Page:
Culture change…or development?
When it comes to changing culture, it’s probably a good move to think about what you mean both by culture and changing it.
Culture is often thought of as ‘how things are done around here’. From such a standpoint, culture change might imply a shift in behaviours and attitudes to support a different way of doing business.
Achieving such changes is hard enough. But culture also has a deeper dimension, as MIT professor Edgar Schein emphasised over 30 years ago when he pointed to basic assumptions as a foundational element of culture, with other elements including ‘artefacts’ (surface level phenomena) and ‘espoused values’ (what the organisation says it holds important).
While it might be possible to induce or influence people and groups to modify the way they work largely through system-level changes, such as with altered reward systems and policy settings, change at the level of basic assumptions implies something more.
Roger Martin, professor emeritus at the University of Toronto Rotman School, puts it like this (see link to Strategy and Business interview with him below): “The truth about culture is that the only way you can change it is by changing the way individuals work with one another. If you can change that, then you will find the culture has changed.”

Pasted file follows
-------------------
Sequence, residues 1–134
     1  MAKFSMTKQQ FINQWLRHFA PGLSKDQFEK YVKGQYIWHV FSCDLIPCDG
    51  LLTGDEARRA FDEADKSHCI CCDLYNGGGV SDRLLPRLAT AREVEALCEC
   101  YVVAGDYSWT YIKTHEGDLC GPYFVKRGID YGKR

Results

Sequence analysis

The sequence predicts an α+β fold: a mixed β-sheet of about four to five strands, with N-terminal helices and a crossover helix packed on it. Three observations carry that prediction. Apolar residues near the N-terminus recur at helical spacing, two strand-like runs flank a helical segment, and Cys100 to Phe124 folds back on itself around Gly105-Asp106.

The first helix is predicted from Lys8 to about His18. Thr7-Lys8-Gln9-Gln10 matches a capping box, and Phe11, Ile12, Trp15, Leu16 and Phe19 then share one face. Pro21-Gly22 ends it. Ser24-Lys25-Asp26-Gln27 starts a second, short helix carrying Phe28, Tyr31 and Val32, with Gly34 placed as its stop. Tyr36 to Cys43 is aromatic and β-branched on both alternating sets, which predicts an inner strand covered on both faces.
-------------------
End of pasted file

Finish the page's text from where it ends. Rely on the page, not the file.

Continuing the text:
I’d agree with Martin to the extent that we’re talking about changing thinking and action at the level of underlying mindsets and assumptions, what people take as underlying truths.
Such patterns of thinking and feeling are largely implicit, hidden, below the surface of a metaphorical iceberg. Yet their impacts are powerful, showing up not only in apparent resistance to organisational changes but also in disconnects between stated values and day-to-day practice. An example might be when an organisation declares that it values openness, but employee survey results show high levels of concern about psychological safety.
Change at such deeper levels requires, as Martin puts it: “micro-interventions: small adjustments to the structure, dynamics, or framing of interpersonal interactions, applied consistently over time.”
An implication for me is that, instead of thinking about culture ‘change’ – in the sense of shifting from one fixed state to another – it’s more useful to fame this work as centring on culture ‘development’. It’s inevitably a work in progress.
Micro interventions require ‘micro-skills’. It’s critical to build capabilities in areas such as observing (as distinct from interpreting), perspective taking (understanding an issue from different vantage points), inquiring to get ‘underneath’ issues, and expressing one’s own views in ways unlikely to prompt defensive reactions.
Thanks to my valued colleague Tessa Barnett for alerting me to the Martin interview.
Originally posted 6th September 2022 on LinkedIn
#culture #od #conversation #interpersonal